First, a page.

(Reuters) – Russian President Vladimir Putin said on Tuesday that teenage figure skater Kamila Valieva’s performances could not have been achieved with the help of any banned substances.
Valieva, who turned 16 on Tuesday, failed a doping test at the Russian national championships last December but the result was only revealed on Feb. 8, a day after she had already helped the Russian Olympic Committee (ROC) win the team event at the Beijing Games.
The case cast a shadow on Russians’ participation at the Games as they already faced increased scrutiny over separate doping sanctions that saw them compete without their flag and national anthem.
“Through her work, she brought the sport to the level of a real form of art,” Putin said at a televised awards ceremony at the Kremlin for medalists from the 2022 Beijing Winter Olympics.
“Such perfection cannot be achieved dishonestly with the help of additional substances, manipulations. We very well know that these additional substances are not needed in figure skating.”
Valieva, favorite to win Olympic gold, was cleared to compete in the women’s single event in Beijing by the Court of Arbitration for Sport, but stumbled to fourth place with an error-laden free skate. She became the first woman to land a quadruple jump at the Olympics during the team event.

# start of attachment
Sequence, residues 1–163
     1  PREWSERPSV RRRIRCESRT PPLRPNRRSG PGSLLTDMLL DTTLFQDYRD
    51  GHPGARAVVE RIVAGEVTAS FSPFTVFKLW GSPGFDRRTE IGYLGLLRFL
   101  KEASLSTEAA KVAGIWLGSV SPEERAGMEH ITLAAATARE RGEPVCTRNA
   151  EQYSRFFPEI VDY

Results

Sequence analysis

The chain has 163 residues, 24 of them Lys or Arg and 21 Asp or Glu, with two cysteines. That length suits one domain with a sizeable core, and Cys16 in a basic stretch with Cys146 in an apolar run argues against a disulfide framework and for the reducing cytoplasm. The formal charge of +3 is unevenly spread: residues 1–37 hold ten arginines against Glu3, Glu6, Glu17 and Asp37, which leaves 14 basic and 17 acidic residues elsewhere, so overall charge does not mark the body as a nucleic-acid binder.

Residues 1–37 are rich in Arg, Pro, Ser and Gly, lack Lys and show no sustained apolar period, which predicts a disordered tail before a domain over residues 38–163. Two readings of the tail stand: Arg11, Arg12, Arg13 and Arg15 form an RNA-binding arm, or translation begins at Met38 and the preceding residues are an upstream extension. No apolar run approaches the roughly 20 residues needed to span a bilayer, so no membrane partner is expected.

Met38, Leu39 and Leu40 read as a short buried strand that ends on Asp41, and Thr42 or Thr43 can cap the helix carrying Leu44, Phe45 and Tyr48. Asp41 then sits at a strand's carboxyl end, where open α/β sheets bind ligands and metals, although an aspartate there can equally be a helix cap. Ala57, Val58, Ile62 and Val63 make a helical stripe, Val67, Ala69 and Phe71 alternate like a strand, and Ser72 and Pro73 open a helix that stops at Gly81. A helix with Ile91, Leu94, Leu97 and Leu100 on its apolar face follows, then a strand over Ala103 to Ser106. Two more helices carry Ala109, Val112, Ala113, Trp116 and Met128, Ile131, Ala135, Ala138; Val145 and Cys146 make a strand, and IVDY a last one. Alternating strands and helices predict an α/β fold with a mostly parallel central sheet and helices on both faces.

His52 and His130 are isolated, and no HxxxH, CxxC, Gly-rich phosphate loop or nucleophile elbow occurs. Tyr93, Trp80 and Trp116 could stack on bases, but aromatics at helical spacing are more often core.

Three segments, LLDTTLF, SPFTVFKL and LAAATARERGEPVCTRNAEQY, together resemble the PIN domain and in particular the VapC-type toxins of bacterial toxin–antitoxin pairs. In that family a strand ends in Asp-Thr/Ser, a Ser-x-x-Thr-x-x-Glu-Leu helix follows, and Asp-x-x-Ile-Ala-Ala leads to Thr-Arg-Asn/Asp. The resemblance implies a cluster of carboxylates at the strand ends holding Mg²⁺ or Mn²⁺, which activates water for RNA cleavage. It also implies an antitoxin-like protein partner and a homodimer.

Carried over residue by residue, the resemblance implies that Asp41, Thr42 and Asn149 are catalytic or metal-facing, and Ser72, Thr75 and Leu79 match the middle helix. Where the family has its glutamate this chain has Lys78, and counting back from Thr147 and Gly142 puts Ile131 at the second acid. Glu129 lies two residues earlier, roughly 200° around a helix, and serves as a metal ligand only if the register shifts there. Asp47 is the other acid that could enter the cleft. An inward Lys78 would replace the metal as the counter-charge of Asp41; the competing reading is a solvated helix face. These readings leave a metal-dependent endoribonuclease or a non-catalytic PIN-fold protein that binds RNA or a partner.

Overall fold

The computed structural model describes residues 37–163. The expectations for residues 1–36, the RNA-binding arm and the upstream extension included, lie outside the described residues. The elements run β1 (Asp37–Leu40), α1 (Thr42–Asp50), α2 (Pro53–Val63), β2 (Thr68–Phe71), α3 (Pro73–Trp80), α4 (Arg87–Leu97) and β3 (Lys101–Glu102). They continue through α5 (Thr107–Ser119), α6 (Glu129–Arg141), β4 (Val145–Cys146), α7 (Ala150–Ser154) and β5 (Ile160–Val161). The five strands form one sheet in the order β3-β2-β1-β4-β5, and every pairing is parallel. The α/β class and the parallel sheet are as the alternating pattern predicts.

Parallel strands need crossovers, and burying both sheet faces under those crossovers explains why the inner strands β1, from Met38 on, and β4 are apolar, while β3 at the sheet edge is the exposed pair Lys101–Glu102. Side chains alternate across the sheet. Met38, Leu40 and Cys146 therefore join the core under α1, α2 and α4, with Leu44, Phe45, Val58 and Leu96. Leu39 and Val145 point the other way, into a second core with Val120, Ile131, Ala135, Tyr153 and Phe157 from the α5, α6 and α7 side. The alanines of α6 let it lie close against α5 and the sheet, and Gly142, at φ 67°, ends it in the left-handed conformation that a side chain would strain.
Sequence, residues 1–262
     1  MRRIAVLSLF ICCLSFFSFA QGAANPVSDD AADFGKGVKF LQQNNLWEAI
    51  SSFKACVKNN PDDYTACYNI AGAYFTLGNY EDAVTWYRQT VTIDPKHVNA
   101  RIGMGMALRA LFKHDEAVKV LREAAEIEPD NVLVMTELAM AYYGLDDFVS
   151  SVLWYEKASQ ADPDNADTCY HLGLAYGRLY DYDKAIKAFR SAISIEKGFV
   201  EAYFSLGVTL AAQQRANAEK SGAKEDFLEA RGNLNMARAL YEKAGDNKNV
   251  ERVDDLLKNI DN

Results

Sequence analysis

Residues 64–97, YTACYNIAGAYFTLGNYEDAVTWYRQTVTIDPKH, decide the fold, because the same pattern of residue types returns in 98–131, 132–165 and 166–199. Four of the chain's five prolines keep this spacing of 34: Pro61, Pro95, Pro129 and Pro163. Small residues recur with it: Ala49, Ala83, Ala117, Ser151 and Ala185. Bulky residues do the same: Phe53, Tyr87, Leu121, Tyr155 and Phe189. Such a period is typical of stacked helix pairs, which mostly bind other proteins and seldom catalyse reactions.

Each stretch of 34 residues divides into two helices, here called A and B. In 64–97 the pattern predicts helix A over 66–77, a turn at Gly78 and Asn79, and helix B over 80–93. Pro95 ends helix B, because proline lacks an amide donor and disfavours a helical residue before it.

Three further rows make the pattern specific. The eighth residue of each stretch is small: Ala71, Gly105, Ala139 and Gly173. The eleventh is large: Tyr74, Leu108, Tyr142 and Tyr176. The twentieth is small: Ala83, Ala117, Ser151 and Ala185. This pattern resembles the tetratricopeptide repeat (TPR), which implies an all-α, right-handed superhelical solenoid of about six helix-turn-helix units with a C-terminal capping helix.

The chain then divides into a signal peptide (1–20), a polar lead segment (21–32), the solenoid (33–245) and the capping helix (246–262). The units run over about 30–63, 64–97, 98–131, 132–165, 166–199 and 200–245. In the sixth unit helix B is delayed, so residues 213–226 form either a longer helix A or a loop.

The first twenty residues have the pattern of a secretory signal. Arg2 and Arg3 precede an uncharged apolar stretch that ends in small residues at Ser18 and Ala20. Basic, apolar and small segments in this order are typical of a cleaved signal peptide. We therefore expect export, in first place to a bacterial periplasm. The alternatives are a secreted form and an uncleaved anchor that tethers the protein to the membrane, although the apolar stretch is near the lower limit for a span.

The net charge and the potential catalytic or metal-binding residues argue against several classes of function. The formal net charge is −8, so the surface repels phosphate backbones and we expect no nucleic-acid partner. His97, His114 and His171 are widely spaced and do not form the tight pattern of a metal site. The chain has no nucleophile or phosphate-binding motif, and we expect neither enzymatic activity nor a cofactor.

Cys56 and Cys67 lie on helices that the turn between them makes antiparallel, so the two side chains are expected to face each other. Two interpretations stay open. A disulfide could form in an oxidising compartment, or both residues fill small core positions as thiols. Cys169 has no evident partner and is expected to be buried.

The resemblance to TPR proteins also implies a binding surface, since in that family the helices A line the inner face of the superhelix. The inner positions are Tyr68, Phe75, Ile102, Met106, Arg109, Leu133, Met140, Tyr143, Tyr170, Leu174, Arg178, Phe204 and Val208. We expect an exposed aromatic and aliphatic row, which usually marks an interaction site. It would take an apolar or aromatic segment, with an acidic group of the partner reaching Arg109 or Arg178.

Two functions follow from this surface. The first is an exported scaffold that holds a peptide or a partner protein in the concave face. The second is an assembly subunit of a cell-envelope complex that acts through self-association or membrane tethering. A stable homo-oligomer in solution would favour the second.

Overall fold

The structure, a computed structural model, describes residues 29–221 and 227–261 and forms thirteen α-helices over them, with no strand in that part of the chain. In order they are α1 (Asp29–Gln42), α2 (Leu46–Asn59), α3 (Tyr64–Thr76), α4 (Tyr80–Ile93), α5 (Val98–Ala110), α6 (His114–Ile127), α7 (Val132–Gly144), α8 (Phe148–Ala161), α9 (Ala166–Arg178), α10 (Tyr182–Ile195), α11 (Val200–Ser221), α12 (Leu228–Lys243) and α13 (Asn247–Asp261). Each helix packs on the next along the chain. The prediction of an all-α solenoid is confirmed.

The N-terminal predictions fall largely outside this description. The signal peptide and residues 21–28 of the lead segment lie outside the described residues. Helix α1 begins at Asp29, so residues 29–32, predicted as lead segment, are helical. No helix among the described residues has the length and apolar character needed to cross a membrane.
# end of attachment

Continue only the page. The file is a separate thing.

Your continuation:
Valieva’s case instigated questions over whether the minimum age for competitors in figure skating, currently 15, needs to be raised to protect minors.
Putin said Russian and Belarusian Paralympians, removed from the Beijing Paralympic Games after Russia sent troops into Ukraine on Feb. 24, was a case of discrimination based on nationality.
“The suspension of athletes from Russia and Belarus not only directly violated the fundamental principles of sport but their most basic human rights were … openly, cynically violated,” Putin said at a ceremony with Olympians and Paralympians at the Kremlin.
Putin also criticized the International Swimming Federation (FINA) for handing Russian Olympic gold medalist Evgeny Rylov a nine-month suspension for attending a rally backing Moscow’s military intervention in Ukraine, calling the move “completely absurd.”
Many international sports federations have barred both Russian and Belarusian athletes from taking part in international events over Moscow’s military campaign in Ukraine.
(Reporting by Reuters; editing by Guy Faulconbridge and Christian Radnedge)